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By JULIUS WESTHEIMER | September 20, 1996
AS AUTUMN NEARS, here's some advice for short-term and long-pull investors:"Short-term, hang on. We forecast a bumpy 30-day ride on the 'Stock Market Express.' Hold tight and fear not the coming sharp swings in stock prices." (Russ Kaplan's Heartland Adviser.)"The bull market has three good months left, but October won't be one of them. Stocks will hit bottom Oct. 10-18. New highs lie ahead for November-December." (McClellan Report.)"More volatility lies ahead, underlining the importance of quality stock selection and taking less risk."
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BUSINESS
By Eileen Ambrose | July 25, 2004
IF WALL STREET had its way, experts say, President Bush would achieve a feat his father couldn't: a second term. The Republican president is considered pro-business, favoring lower taxes and less regulation. Plus, Bush is the status quo, so there would presumably be fewer surprises for the next four years - and the stock market hates surprises. "Wall Street is convinced that Bush will be re-elected," says Jonathan Golub, an equity strategist at J.P. Morgan Fleming Asset Management in New York.
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BUSINESS
By JULIUS WESTHEIMER | December 26, 1997
HOW SHOULD you invest your money in 1998? Today, more thoughts between the holidays:DON'T OVERLOOK STOCKS: "A $1 investment in large company stocks made on Dec. 1, 1925, increased by year-end 1996 over 1,000 times to $1,371, representing a compound annual return, including reinvested dividends, of 10.7 percent."That same $1 investment in government bonds grew to only $33.73 (5.1 percent) and Treasury bills to only $11.34 (3.7 percent). Inflation grew at only 3.1 percent annually." (Ibbotson Associates)
BUSINESS
By Julius Westheimer | November 9, 2001
HOW DO YOU protect yourself in a rocky economy? The AARP Bulletin, November, suggests: "Cut down on unnecessary spending. It's just ascertaining the difference between a `need' and a `want.' Do you really `need' that latte every morning? "Pay off credit-card debt. With fees and interest rates on credit cards as high as 18 percent, there's no way you're going to get that back in the financial markets. "Don't panic sell or panic buy. The worst thing you can do is to make immediate changes out of fear.
BUSINESS
By Julius Westheimer | December 30, 1998
JANUARY on Wall Street is historically a strong month, tied with December for first place. Over 47 years, each month showed an average 1.7 percent gain, as measured by the S&P 500-stock index. Year-end bonuses, pension plan investments and cash gifts account for much of the advance."Based on whether the S&P 500 is up or down in January, most years followed suit in 42 out of 47 times -- an 89 percent batting average. And the 'January Barometer' scored 100 percent in odd years when new congresses convened."
BUSINESS
By Julius Westheimer | June 30, 1999
ARE YOU waiting for a sharp market correction before you invest? Don't, according to financial adviser David Dreman. "Don't wait for a severe setback to find good `value stock' buys. Look for stocks with relatively low price-earnings ratios, above-average dividend yield and low price-to-book value ratios," he advises.WORKING LONGER? "Too many Americans feel retirement will be a breeze. Most baby boomers want to retire by age 60, haven't saved much, doubt they'll get many Social Security benefits -- but expect to live very well in retirement.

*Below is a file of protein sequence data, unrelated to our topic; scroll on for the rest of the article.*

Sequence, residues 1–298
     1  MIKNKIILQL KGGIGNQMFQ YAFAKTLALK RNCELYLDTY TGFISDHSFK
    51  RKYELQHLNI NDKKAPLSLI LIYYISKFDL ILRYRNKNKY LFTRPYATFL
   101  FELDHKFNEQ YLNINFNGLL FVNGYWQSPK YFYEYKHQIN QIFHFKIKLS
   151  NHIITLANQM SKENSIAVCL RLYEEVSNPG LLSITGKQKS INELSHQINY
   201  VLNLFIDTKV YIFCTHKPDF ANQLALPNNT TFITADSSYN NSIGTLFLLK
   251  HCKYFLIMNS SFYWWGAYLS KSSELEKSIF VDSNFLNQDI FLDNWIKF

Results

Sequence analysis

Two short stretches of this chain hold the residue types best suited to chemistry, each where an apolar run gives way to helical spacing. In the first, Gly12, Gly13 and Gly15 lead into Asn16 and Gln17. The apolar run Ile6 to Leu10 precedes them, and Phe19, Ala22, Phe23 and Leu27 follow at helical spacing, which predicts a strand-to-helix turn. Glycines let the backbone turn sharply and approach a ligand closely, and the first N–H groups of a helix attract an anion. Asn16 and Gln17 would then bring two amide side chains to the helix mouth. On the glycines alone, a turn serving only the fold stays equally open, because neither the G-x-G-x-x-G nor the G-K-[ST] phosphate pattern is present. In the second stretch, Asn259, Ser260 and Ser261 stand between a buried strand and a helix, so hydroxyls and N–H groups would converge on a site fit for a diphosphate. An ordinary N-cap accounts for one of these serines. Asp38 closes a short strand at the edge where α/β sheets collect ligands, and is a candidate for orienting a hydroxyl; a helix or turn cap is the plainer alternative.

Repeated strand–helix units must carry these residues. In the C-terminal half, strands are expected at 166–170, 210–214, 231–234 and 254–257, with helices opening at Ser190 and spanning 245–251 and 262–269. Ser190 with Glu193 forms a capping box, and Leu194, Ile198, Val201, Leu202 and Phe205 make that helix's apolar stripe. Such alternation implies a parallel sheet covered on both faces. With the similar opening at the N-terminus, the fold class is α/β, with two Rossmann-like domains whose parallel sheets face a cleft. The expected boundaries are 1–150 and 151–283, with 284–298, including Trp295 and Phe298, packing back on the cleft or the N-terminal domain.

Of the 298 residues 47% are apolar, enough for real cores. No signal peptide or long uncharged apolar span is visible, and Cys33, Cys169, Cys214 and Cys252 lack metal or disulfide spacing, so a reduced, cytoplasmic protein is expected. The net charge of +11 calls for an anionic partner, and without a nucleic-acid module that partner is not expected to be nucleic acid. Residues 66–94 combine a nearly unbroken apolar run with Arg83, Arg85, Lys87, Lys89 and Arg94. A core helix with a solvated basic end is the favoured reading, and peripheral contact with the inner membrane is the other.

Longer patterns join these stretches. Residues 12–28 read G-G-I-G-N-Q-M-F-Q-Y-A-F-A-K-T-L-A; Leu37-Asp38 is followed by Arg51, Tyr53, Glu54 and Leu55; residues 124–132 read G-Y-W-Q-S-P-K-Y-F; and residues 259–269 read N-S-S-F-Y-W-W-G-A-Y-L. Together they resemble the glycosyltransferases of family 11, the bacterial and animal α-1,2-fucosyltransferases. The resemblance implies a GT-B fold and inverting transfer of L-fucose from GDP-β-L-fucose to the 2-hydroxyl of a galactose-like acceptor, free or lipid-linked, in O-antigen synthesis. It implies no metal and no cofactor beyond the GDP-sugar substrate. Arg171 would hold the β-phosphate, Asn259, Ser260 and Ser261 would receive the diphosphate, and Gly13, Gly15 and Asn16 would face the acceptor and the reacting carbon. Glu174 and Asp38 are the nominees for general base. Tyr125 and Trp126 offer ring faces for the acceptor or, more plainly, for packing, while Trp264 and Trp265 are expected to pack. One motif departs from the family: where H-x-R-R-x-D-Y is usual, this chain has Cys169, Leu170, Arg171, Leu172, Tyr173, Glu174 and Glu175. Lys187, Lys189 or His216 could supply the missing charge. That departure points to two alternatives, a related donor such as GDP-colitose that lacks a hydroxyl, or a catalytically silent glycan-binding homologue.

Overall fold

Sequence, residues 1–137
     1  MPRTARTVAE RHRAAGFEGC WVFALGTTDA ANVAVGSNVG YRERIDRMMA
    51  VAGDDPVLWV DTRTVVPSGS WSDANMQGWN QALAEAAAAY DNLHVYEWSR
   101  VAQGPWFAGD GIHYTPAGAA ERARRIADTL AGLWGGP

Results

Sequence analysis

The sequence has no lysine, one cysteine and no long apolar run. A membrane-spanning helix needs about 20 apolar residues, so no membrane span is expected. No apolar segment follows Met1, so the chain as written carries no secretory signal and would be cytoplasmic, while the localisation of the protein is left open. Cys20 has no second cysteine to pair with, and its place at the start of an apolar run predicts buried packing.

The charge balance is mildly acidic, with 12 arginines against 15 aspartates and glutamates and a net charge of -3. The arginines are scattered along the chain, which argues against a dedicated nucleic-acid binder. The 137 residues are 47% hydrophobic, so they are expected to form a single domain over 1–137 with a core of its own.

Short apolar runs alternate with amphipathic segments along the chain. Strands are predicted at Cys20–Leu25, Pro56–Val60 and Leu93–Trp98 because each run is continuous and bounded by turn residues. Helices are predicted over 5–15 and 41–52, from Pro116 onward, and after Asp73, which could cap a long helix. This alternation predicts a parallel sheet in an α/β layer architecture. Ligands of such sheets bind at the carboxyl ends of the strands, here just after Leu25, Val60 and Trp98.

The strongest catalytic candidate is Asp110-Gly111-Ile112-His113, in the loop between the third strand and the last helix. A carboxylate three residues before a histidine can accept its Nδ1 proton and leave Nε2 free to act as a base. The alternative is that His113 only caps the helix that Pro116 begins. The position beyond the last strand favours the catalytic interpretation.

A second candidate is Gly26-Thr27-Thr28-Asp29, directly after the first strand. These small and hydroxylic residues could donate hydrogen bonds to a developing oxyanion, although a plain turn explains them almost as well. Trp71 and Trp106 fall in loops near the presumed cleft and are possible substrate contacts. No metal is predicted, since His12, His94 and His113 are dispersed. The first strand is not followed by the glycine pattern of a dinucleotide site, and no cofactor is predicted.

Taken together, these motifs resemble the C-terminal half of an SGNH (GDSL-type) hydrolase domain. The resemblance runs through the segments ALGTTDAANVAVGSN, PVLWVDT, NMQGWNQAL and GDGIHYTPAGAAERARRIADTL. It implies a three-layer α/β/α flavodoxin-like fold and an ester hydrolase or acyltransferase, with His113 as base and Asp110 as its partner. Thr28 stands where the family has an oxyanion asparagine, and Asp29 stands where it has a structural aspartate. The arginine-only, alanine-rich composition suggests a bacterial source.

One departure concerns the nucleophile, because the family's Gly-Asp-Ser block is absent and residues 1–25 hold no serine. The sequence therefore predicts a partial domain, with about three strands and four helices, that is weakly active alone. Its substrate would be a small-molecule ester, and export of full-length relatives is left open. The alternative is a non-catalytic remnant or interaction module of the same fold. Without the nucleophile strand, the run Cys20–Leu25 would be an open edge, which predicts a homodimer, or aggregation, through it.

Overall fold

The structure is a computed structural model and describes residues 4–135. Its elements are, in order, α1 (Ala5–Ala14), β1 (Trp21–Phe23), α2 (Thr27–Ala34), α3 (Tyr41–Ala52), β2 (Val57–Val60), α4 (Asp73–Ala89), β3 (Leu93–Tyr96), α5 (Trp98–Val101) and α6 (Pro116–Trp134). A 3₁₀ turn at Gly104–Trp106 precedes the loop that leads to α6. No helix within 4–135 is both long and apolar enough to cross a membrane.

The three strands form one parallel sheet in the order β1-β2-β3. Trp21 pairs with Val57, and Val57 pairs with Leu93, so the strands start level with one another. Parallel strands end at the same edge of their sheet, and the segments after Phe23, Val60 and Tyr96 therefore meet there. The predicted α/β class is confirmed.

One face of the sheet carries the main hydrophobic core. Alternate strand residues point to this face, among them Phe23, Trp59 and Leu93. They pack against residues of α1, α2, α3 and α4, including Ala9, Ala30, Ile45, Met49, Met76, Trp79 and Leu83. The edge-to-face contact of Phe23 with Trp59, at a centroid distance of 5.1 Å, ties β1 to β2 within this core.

BUSINESS
By Julius Westheimer | May 3, 1994
Led by drug and cyclical issues, stocks scored a solid gain yesterday. The Dow Jones industrial average shrugged off early weakness and climbed 19.33 points to close at 3,701.02. All major stock indices moved into higher ground.CLOSEST NOW: Speaking of stocks, here are the names of the closest guessers in our Dow Jones forecasting contest as the first third of 1994 ends. With the Dow industrial average closing Friday, April 29, at 3,681.69, the nearest are John T. McDonough (3,684) and Ray Smith (3,671)
BUSINESS
By Julius Westheimer | November 25, 1998
Why should you start investing early? "Albert Einstein called compound interest the greatest invention of mankind, and the younger you start, the better," says Investor's Business Daily. "If you start investing $4,000 annually (the maximum contribution for married couples) in a Roth IRA at age 30, you'll have $1.2 million by age 65, assuming a 10 percent return. If you wait till age 40, that nest egg shrinks to $436,727. And you can withdraw that money tax-free in retirement!"Want to buy Internet stocks without picking individual issues, many of which appear overpriced?
BUSINESS
By JULIUS WESTHEIMER | January 2, 1998
FOR THOSE those seeking professional guidance on handling their finances, how should they go about selecting a good investment adviser?Before looking, be sure you are emotionally suited for stocks. As James D. Hardesty warns, "As headlines trumpeted the Dow Jones surge over the past three years, many people lost sight of the fact that placing their money in stocks is one of the riskiest investments one can make."To find an adviser, ask family and friends who already use them. The Coyne & McClean newsletter says: "In selecting an adviser, investors should find out how many accounts he or she supervises (over 40 is too many)
BUSINESS
By Julius Westheimer | April 2, 1992
On Dec. 9, 1965, the day Frank Robinson came to the Orioles from Cincinnati, the Dow Jones average closed at 949.55. Yesterday, a few days before "Play Ball!" at the new stadium, the Dow climbed nearly 14 points, to 3,249.33, a 242 percent gain in 26 years.MARKET WATCH: "Market will remain choppy and go nowhere for three weeks until we see first-quarter earnings." (Steven Kroll, investment adviser). . . . "Play this modest recovery with growth stocks like Coca-Cola, which will give consistently improving performance."
BUSINESS
By JULIUS WESTHEIMER | August 1, 2001